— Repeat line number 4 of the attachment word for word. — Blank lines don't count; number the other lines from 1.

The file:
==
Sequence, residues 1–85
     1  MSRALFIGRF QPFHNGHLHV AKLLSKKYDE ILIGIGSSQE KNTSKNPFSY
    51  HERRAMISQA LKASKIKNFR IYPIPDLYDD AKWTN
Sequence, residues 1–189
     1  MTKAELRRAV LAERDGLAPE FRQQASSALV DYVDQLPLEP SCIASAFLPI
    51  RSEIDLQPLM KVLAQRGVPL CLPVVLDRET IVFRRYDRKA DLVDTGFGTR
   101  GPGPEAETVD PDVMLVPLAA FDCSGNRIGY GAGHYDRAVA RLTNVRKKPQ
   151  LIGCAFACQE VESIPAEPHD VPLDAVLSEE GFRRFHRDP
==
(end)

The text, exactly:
Sequence, residues 1–189